Thailand Floods Update

Posted on 11/03/11 No Comments

The Thai floods are still posing problems. With central Bangkok in the balance, the Thai government has hard choices to make. At the moment there are decreasing tides for the next week or so which gives them the opportunity to release of the flood waters north of the city in a controlled way. However it will seem to the people who are still living in the filthy disease and mosquito ridden waters that for the sake of Bangkok they are not letting it out as fast as they could. But, as one Thai minister said, we can cut the hand and live, but not the heart. Also, the window of opportunity for this controlled release of flood waters will begin to close before mid month as the ocean tides begin to rise again. So the race against timely draining of the northern suburbs of Bangkok and the real desire to spare the center of Bangkok makes the decision maker’s job unenviable.

The main International airport, Suvarnabhumi, is located on the city’s eastern outskirts, a key pathway for flood waters flowing from the north around Bangkok into the Gulf of Thailand. Suvarnabhumi is a crucial regional aviation hub and one Asia’s busiest airports, with some 800 flights per day and an average of 100,000 daily passengers, according to government figures.

Being a relatively new airport, having opened in 2006, the government says its built-in flooding defenses are strong. The 8,000 acre site is shielded by a 3.5 meter high, 22.5 kilometer long dirt mound. The worst of the flood waters so far, north of Bangkok, have reached upwards of 3 meters, though most of the serious flooding elsewhere has been in the range of 1 to 2 meters.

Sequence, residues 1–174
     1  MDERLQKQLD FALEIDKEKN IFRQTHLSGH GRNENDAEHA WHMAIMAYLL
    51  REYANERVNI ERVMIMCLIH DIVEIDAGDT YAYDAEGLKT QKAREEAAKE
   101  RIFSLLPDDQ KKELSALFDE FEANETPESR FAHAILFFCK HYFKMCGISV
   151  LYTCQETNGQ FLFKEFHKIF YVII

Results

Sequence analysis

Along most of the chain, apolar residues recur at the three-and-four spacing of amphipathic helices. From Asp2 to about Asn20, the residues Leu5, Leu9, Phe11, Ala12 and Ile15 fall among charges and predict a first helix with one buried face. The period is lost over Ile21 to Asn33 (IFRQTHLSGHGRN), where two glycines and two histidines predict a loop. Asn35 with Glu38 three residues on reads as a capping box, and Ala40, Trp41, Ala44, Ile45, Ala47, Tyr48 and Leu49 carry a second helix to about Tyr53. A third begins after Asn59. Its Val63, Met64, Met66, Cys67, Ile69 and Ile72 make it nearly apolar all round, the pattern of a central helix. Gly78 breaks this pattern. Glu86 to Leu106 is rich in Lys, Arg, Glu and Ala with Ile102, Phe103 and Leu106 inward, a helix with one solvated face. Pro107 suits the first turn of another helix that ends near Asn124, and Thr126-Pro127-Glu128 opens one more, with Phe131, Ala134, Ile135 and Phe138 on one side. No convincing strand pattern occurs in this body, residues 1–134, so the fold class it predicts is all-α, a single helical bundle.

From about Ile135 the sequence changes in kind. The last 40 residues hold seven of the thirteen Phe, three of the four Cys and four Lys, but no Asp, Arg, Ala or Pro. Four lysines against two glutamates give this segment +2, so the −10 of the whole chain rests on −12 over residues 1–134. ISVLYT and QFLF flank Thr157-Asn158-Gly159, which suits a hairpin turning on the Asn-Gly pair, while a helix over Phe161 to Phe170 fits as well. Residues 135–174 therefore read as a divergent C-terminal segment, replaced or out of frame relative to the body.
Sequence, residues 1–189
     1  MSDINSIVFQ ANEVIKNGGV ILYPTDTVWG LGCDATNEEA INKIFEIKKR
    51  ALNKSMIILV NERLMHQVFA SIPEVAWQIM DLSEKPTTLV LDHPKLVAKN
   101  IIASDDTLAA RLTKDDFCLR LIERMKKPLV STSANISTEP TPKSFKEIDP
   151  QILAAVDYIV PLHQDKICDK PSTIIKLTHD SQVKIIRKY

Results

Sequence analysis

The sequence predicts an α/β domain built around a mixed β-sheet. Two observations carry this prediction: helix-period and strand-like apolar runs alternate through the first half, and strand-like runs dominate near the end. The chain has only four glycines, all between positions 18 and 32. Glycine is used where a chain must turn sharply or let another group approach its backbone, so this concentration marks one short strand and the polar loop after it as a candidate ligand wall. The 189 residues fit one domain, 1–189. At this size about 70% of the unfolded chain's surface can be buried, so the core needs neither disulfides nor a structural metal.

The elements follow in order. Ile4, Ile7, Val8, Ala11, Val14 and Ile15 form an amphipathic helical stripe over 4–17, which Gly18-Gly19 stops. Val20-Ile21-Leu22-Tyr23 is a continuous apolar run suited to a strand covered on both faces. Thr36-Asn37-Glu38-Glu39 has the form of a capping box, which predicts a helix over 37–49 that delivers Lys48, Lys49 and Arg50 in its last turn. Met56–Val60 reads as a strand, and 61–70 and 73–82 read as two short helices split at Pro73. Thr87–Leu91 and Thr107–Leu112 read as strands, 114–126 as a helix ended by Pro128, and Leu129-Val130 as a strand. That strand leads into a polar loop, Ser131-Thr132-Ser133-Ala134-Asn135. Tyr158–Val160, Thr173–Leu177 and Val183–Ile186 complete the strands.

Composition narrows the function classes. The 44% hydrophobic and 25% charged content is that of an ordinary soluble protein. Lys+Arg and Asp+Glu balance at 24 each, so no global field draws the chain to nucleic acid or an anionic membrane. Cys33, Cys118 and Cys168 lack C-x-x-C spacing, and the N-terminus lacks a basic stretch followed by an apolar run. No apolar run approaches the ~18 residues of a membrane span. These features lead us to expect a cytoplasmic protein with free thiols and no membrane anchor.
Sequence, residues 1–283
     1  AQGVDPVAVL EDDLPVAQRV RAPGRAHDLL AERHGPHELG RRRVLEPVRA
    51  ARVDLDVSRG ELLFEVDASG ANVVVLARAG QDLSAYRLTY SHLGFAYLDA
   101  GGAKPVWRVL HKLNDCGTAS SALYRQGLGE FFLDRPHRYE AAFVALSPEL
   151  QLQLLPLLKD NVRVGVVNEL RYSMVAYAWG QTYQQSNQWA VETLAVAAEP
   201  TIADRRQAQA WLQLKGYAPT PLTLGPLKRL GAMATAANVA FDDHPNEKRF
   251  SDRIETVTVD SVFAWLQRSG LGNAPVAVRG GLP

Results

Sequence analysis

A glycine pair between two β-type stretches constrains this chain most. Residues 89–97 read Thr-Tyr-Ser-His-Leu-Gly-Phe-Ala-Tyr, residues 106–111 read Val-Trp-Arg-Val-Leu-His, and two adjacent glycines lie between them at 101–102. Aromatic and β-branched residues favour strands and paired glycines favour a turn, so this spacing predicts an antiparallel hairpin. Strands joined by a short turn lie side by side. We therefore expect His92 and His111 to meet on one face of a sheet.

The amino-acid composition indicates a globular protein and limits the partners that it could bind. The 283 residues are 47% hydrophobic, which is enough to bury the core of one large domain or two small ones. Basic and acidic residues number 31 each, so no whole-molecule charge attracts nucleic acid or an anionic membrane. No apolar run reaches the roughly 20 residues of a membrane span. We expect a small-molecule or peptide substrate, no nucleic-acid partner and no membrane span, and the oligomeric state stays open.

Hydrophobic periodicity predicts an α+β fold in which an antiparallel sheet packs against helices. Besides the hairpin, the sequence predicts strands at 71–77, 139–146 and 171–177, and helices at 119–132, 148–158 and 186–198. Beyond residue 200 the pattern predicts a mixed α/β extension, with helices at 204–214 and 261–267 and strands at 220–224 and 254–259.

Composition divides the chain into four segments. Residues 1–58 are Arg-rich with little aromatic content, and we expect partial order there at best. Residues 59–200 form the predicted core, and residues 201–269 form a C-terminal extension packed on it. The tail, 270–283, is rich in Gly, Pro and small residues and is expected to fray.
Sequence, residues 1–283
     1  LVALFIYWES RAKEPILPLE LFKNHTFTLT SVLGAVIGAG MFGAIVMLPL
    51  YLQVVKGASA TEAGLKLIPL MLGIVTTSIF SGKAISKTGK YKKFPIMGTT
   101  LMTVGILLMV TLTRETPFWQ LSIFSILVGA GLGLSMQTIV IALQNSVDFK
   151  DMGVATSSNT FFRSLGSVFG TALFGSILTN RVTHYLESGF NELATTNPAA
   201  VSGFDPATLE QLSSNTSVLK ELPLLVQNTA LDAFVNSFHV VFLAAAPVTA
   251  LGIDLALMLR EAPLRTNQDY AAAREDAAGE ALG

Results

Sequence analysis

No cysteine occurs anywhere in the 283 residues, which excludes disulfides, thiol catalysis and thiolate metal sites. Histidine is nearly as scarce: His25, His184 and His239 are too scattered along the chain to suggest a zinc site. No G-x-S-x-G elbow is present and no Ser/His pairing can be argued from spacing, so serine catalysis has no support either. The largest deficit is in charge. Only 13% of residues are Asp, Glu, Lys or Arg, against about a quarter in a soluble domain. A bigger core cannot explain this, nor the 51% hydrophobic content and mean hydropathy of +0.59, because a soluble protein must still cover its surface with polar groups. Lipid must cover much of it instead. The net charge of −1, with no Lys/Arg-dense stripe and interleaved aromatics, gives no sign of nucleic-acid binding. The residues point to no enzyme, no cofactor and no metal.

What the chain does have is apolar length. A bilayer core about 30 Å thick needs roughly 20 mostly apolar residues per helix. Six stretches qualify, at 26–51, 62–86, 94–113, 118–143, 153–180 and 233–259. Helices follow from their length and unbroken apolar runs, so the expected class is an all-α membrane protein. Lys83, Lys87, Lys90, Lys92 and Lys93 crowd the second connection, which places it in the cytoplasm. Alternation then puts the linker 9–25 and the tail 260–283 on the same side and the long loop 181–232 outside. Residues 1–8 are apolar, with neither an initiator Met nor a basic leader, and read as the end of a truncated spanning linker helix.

Though we certainly sympathize with the millions of people, figures reach 9.5 million out of 66 million, who have lost loved ones and property, here in Pattaya we have been fortunate to have experienced only a little flooding in the very lowest lying places such as under ground parking facilities and only for a short time a few weeks ago. The weather here has been generally pleasant and sea conditions have been quite good for scuba diving. As during the last few months of every year, the northerly winds can make the afternoon trips back a bit wavy.

The biggest threat to Pattaya is that, according to the Kasikorn Research Center, tourist’s knowledge of the flooding will probably cause tourist arrivals cuts by 350,000 to 600,000, losing the country’s tourism revenue by 15 to 25 Billion Baht.

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